Ellen Kavanaugh 1863-1921 (2nd Oldest Child of Edward Kavanaugh & Ann Devine) by Suzanne Kavanaugh Dinusson Grandniece

Ellen Kavanaugh was born March 14, 1863, Packenham, Canada, the second of 12 children of Edward Kavanaugh and Ann Devine. March 9, 1883, she and her sister, Mary, traveled to Odessa Township, Ramsey County, Dakota Territory joining their father Edward Kavanaugh, who left his family in 1881 for Dakota Territory. James J Hill’s railroad went as for west as Larimore, Dakota Territory.  Ellen was 20. Mary was 21. Memories by Edward James Mullen states, “Mr Kavanaugh found work for Mary and Ellen with a Major at Fort Totten. Mary and Ellen came to Devils Lake, ND, which was a new town on the Great Northern. They took a boat from Devils Lake across the lake to Fort Totten. That is where father met Ellen Kavanaugh who later became his wife and my mother. As a girl, mother was carefree, happy, and quite pretty but the years on the prairie soon took their toll.”

John Mullen Ellen Kavanaugh Wedding 1884 Fort Totten Dakota Territory

John Mullen Ellen Kavanaugh Wedding 1884 Fort Totten Dakota Territory

Ellen Kavanaugh married John Mullen on November 26, 1884 in a Catholic church at Fort Totten. They had four children: Mary, Micheal J, Edward James and Ann. According to Memories by Edward James Mullen, “father had built a little house, a little straw covered barn and dug a well, so there he brought his bride. He had broken up quite a few acres with oxen. In 1885, father built on to the house so we children had a sleeping room. We were a happy family and real close although we didn’t have much we never went hungry.” John Mullen homestead was  a 1/4 mile from Edward Kavanaugh’s. In 1890, all 12 Kavanaugh children were in Ramsey County.

Who was Ellen Kavanaugh? In Memories Edward James Mullen writes the following stories about his mother. “A bad storm was coming up and mother was deathly afraid of storms. She took the dish pan, tied a rope to the handle and put Mary, who was six months old, pulling her to the Orchards two miles north-west of our farm. Mother was deathly afraid of Indians and they weren’t very friendly to the whites in those days. I can remember one day when father was gone a big drunken Indian came to our door yelling and chanting an Indian war hoop. Mother grabbed us children taking us out the back door running all the way to grandpa Kavanaugh’s. We would hurry home from school and mother always had a slice of fresh bread for us. We said the rosary every night and on Sundays Mother would read from the Life of the Saints or from the big red catechism. Once in a while, we would drive to Devils Lake to mass with the horses and wagon. Father would have hay and oats for the horses and Mother would have lunch. Father and Mother would have to fast from midnight, not even a drink of water. Mother would always have a headache after the long fast.

Fr. James Kavanaugh1878-1948-uncle, his twin Elizabeth Jeannie Kavanaugh-aunt, Sr Myra Mahoney, Sr Mary Mullen. Nuns mothers were Kavanaugh sisters Ellen Mullen and Bridget Mahoney

Fr. James Kavanaugh1878-1948-uncle, his twin Elizabeth Jeannie Kavanaugh-aunt, Sr Myra Mahoney, Sr Mary Mullen. Nuns mothers were Kavanaugh sisters Ellen Mullen and Bridget Mahoney

Mary finished eight grade taking the teachers exam and she taught in the home school. In 1905, Mary decided to become a Dominican Sister. We were all pretty lonesome. Mother took it pretty hard as she had been in rather poor health for a few years. Micheal decided to take up law. He went to Michigan City to high school and in 1917 Law School at University of North Dakota. In 1912, Aunt Kate Kavanaugh, Mrs Will Lamb, died in childbirth and mother offered to take the baby to raise. His name was Pat. Mother lost many nights sleep caring for him as he was a sickly baby. We raised him until he was six years old. We became very attached to him. When Pat was six, his father, Will Lamb, took Pat and we were not to see him for two months. His heartless way of weaning him away from us. Mother took this very hard. She became very depressed and nervous. In August 1921, mother took real sick. We had two doctors, but it just seemed they couldn’t save her. In the afternoon of August 26th she passed away. After that it seemed their home was broken. That Fall, Father, Anne and I moved to Crary and Laurence Brown, mother’s brother-in-law, took care of the stock.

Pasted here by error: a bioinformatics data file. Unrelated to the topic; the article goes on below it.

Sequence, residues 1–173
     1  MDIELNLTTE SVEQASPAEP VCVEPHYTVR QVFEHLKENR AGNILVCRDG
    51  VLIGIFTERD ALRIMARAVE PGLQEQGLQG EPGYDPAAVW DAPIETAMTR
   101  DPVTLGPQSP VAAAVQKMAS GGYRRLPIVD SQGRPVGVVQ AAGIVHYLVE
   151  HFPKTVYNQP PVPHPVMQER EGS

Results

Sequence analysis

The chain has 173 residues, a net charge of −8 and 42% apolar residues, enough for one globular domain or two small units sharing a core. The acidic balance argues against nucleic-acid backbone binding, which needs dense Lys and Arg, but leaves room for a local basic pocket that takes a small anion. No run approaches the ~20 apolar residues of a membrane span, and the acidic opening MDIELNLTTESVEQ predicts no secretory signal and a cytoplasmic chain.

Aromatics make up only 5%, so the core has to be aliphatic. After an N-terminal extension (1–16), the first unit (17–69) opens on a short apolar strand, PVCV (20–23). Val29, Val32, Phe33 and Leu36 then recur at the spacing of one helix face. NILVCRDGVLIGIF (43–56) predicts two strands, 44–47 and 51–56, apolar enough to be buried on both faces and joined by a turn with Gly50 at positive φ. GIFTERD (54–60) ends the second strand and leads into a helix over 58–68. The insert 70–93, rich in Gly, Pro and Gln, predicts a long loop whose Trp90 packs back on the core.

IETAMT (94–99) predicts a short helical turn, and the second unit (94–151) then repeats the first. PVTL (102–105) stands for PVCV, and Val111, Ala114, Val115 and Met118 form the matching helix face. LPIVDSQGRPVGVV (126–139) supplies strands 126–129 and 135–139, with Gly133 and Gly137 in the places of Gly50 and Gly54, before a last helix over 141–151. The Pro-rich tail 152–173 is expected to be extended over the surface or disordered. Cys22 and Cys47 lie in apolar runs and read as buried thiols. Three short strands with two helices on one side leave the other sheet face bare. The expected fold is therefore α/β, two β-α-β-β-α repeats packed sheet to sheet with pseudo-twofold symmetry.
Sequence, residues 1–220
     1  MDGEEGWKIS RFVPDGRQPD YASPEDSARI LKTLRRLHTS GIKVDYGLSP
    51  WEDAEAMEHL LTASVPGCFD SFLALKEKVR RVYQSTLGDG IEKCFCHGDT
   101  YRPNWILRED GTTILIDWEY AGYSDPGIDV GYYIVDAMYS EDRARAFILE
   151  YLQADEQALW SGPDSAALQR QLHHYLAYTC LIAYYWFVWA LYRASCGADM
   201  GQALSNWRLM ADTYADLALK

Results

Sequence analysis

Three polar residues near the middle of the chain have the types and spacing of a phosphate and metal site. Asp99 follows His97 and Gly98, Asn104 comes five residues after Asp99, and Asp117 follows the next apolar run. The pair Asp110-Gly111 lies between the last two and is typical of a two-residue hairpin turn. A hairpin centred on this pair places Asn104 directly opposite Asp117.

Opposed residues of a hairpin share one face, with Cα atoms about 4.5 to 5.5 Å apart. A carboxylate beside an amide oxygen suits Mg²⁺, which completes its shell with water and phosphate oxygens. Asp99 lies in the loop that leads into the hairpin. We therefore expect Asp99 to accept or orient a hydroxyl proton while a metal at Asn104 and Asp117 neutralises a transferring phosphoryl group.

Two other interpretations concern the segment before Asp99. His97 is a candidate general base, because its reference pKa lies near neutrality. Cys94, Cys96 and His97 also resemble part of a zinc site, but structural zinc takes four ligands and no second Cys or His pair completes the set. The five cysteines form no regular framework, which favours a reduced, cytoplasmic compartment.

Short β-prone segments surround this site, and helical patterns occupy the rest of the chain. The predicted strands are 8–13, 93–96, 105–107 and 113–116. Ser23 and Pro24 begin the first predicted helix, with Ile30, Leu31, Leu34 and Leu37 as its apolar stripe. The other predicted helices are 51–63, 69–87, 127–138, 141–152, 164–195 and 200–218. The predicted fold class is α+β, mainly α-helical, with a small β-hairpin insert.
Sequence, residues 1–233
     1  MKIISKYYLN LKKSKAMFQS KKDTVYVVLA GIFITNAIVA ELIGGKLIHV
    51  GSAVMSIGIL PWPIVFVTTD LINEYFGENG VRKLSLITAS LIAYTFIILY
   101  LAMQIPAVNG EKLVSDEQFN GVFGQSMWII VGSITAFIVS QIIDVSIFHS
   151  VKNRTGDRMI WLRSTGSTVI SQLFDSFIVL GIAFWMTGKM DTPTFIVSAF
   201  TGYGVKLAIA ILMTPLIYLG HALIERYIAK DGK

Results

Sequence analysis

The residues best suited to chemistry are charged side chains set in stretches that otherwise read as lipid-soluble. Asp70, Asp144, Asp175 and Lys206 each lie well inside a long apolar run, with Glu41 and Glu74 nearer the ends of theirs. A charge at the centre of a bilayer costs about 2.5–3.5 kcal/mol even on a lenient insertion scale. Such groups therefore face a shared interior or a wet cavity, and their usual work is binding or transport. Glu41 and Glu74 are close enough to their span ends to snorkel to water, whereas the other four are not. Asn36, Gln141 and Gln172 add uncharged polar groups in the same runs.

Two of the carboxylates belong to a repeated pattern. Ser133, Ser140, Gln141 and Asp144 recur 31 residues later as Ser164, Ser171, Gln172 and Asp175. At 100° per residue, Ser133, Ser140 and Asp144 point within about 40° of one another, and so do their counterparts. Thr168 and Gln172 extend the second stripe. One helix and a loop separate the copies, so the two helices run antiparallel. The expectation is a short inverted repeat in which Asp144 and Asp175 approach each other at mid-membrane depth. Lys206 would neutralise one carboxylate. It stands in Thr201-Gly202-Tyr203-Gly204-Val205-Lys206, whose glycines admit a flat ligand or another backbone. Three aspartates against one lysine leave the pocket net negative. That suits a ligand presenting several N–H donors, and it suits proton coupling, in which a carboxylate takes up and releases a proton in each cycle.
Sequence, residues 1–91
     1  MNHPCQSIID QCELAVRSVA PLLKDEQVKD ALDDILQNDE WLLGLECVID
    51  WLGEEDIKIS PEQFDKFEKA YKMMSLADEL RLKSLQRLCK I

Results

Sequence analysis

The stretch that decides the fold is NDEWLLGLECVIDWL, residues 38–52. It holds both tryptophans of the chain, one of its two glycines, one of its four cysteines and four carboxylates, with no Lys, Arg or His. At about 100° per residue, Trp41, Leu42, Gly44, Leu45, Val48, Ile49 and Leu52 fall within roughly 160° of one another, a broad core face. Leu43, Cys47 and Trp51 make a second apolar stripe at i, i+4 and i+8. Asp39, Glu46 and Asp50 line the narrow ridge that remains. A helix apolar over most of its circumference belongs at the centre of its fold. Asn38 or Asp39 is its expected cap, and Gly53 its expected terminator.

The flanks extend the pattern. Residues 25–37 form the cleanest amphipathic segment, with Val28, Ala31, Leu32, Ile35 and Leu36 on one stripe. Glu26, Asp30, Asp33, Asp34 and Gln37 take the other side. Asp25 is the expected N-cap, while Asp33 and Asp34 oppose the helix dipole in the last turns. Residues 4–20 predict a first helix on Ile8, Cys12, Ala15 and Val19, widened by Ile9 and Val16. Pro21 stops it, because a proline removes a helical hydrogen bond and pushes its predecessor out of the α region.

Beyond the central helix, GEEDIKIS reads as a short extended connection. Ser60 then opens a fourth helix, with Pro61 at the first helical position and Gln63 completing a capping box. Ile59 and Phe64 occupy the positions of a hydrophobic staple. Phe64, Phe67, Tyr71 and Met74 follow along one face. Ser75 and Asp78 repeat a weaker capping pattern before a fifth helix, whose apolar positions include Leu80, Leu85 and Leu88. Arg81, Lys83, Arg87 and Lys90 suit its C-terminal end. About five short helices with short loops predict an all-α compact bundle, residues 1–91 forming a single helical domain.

A glimpse into one families life on the prairie in the Dakota Territory, as North Dakota became a state in 1889 and into the early 1900’s. Could we have survived the brutal and lonely life. What choice did they have.

John Mullen & Ellen Kavanaugh

John Mullen & Ellen Kavanaugh

Six Kavanaugh Sisters From Kavanaugh Family of Twelve

Six Kavanaugh Sisters from Kavanaugh Family of Twelve

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Mary Kavanaugh 1862-1918 (Oldest Child of Edward Kavanaugh & Ann Devine)

Six Kavanaugh Sisters of Kavanaugh Family's Twelve Children

Six Kavanaugh Sisters of Kavanaugh Family’s Twelve Children

Mary Kavanaugh was born June, 1862 in Pakenham, Ontario, Canada, the first of  12 children of Edward Kavanaugh and Ann Devine. March 9, 1883, she and her sister, Ellen, traveled to Ramsey County, North Dakota, joining their father, Edward Kavanaugh, who left his family in 1881 for North Dakota. Mary was 21. Ellen was 20. Memories by Edward James Mullen states, “Mr. Kavanaugh found work for Mary and Ellen with a Major at Fort Totten. Mary and Ellen came to Devils Lake, ND, which was a new town on the Great Northern. They took a boat from Devils Lake across the lake to Fort Totten.”

Mary married D’Arcy W Brown living a mile SW of  the Edward Kavanaugh homestead.  They had three children Mary A (Mamie), Lawrence and Edward.

Mary Kavanaugh's (1862-1918) Husband

Mary Kavanaugh’s(1862-1918) Husband

In Memories by Edward James Mullen, the author, describes Mamie Brown’s drowning in Devils Lake south of the Brown and Mullen farmsteads. “Aunt Mary Brown, whose husband, D’Arcy, had died in 1900, carried on the farm with the children. On this fatal day, Aunt Mary and Eddie drove to Devils Lake in the buggy. Lawrence was cultivating corn a half mile south of the buildings toward the lake. Lawrence called asking if we had seen Mamie. When he came in from the field, he couldn’t find her. The last he saw Mamie was the middle of the afternoon when she brought him lunch. Word spread with most of the neighbors gathering to start a search. Mamie had curvature of the spine wearing a thick heel on one shoe which made it easy to find her tracks. We followed her tracks south down a wagon road through a grove of trees and down to the lake. It was getting dark. My brother searched along the shore. He found her hat that had washed up on the shore and we knew she was in the lake. Fifty of us took hands and started wading back and forth hoping we would stumble on her. We kept going back and forth going out farther each time. We were in cold water in the dark. A blacksmith from Crary made some grab hooks and they got a boat. We dragged until day break when the hook struck something and pulled up Mamie.